Team Consultation

The work of a therapist can be challenging. Carrying the weight of multiple patients’ experiences can be haunting. DBT for substance abuse can support therapists through a consultation team to ensure their commitment to the practices. This can help certain people improve their skills and sustain motivation to treat high-risk patients. Team consultation serves as additional support for the clinical staff and the immense hard work they endure.

Does Dialectical Behavior Therapy Work?

Dialectical behavior therapy works because it allows people to learn how to live their lives without being dependent on substances or alcohol. A qualified, trained medical professional must provide DBT for substance abuse. DBT techniques and practices trains such healthcare professionals.

Honing the strength to make effective changes can be challenging. People in addiction recovery tend to withdraw when it comes to the time to really do the work. It is important though to understand that relapse and setbacks should be viewed as temporary despite the fact that relapse affects approximately 40-60% of recovering individuals.

The DBT process takes several weeks and begins with a basic introduction of the program followed by individual therapy. DBT individual therapy focuses on stabilization through mindfulness techniques to reduce self-destructive behaviors.

DBT therapists help patients recognize cravings early on. That way such cravings don’t escalate into full-blown urges or compulsions. 

Group therapy sessions dedicated to DBT skills training teach individuals how to regulate their emotions and tolerate distress without reaching for substances. Moreover, it also provides education about recognizing urges early on so that one can intervene before acting on them.

What Are The Effects of Dialectical Behavior Therapy for Addiction?

Research and studies conducted on DBT for addiction treatment have yielded positive results. It has even been documented that DBT is effective in reducing suicidal behaviors and self-harming episodes among people who suffer from borderline personality disorders (BPDs).

Furthermore, dialectical behavioral therapy helps people avoid serious drug relapses, control their emotions during cravings, and prevent themselves from engaging in self-destructive behaviors such as unprotected sex, binge drinking, and use of drugs like cocaine or amphetamines.

What Are The Benefits Of DBT?

Dialectical behavior therapy boasts a number of benefits over other addiction treatment modalities. Such benefits include:

  • Suicidal and Self-Harm Episodes Reduction
  • Relapse prevention
  • Reduction or stabilization of drug and/or alcohol use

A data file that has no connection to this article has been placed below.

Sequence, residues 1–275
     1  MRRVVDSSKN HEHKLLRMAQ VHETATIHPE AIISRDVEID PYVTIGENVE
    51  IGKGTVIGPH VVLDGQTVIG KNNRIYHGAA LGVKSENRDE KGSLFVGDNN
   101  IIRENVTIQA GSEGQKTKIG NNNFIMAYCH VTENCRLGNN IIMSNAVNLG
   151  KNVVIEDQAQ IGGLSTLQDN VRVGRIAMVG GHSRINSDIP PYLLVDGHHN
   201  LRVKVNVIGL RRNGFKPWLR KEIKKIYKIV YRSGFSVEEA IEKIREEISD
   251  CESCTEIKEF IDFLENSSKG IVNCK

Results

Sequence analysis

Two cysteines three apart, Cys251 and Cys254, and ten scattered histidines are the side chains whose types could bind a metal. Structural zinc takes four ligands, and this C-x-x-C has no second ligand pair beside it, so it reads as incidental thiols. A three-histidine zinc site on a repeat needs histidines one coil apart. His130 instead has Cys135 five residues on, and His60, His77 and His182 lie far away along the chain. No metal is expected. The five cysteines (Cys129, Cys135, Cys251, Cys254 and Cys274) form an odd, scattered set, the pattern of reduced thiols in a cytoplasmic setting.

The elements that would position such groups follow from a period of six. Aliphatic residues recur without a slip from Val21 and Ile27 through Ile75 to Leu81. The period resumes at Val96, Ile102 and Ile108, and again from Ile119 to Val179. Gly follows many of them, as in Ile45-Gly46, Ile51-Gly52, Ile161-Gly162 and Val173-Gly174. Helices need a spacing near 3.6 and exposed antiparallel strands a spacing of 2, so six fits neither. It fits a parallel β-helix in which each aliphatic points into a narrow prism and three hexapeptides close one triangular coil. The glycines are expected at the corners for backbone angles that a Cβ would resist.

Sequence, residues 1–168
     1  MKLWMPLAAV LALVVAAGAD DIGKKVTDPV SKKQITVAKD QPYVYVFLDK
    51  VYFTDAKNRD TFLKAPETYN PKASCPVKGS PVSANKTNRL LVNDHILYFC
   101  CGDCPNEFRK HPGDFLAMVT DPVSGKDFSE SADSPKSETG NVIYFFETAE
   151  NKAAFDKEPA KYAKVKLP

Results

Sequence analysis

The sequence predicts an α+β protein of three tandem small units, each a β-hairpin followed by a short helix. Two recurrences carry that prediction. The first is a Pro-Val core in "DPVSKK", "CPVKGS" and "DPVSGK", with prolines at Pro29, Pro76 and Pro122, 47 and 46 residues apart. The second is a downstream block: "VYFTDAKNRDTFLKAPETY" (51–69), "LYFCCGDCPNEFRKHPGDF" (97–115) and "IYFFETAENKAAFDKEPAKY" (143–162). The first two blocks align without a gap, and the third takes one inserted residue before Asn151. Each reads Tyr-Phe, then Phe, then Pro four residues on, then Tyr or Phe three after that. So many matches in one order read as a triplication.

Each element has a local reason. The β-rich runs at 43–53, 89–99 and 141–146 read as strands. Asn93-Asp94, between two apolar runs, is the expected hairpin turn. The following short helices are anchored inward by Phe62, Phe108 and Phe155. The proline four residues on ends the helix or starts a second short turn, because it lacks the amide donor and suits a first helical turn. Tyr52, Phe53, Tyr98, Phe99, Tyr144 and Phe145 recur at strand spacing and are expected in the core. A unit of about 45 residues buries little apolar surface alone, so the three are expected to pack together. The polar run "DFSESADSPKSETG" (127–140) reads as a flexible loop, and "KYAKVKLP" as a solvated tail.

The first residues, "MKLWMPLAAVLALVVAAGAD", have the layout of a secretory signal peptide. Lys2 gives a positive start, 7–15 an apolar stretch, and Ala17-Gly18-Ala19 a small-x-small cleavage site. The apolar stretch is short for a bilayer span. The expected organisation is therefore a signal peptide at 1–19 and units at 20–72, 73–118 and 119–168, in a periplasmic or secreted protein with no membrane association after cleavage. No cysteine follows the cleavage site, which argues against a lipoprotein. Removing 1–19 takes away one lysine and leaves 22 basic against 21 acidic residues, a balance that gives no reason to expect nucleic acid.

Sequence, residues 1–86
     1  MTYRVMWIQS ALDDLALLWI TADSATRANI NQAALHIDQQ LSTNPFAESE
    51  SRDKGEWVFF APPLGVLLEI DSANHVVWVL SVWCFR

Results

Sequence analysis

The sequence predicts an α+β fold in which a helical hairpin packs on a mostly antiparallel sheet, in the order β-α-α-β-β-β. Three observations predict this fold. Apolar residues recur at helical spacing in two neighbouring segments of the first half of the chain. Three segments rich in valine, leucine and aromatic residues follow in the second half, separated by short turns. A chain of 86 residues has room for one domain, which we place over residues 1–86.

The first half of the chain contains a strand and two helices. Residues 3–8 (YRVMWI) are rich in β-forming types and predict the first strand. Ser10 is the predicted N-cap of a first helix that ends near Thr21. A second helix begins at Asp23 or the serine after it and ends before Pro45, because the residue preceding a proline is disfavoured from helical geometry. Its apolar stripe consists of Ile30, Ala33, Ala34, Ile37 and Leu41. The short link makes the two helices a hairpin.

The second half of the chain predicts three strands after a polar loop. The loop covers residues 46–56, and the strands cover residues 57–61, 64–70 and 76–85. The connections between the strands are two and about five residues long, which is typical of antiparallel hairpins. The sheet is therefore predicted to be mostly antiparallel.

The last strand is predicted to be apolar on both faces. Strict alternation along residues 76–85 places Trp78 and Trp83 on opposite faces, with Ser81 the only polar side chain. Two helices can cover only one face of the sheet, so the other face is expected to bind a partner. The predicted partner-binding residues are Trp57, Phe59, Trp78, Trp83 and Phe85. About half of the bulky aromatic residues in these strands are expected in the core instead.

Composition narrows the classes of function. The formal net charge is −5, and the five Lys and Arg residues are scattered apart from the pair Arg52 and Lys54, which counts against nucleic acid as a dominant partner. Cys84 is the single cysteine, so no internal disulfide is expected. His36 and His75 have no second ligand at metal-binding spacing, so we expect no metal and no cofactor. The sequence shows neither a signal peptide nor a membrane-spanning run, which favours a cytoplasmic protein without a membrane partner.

• Improvement in psychological symptoms such as anxiety, depression, and impulsivity
  • Improved quality of life and increase self-care skills
  • Development of useful coping strategies to help the sufferer avoid future relapses

One other benefit of dialectical behavior therapy is that it does not require a lifelong commitment. Yes, patients must be willing to make strides towards positive progress, however, it’s possible to use DBT to determine your individualized goals. By learning an array of specific coping skills that you can apply towards life’s challenges, dialectical behavior therapy offers numerous opportunities for growth. 

People who have a history of drug or alcohol abuse tend to have problems tolerating their feelings. Such people also likely feel overwhelmed by stressful situations. The goal of dialectical behavioral therapy is for people to gain the coping skills to be able to tolerate stress in healthy ways. Dialectical behavior therapy also aims to help people accept their negative thoughts and feelings so that they no longer have the power to make people exhibit negative behaviors such as abusing substances. 

The goal of DBT for substance abuse is not only sobriety, but also personal growth. DBT for substance abuse provides people with growth in their addiction recovery journeys by encouraging them to utilize mindfulness techniques, distress tolerance skills, emotion regulation skills, and interpersonal effectiveness skills.

Witness Your Rebirth at Owl’s Nest Recovery

Substance abuse can drain the best parts of people. As a result, people may question whether or not they have what it takes to become healthy and sober. With the help of determination and a strong support system though, people can make the most out of dialectical behavior therapy and reach those goals. Addiction recovery is a not straight path, but there are plentiful options for those willing to change. 

Owl’s Nest Recovery aims to help individuals overcome their substance addictions. If you or a loved one is struggling with addiction, Owl’s Nest Recovery could guide you. Contact us today.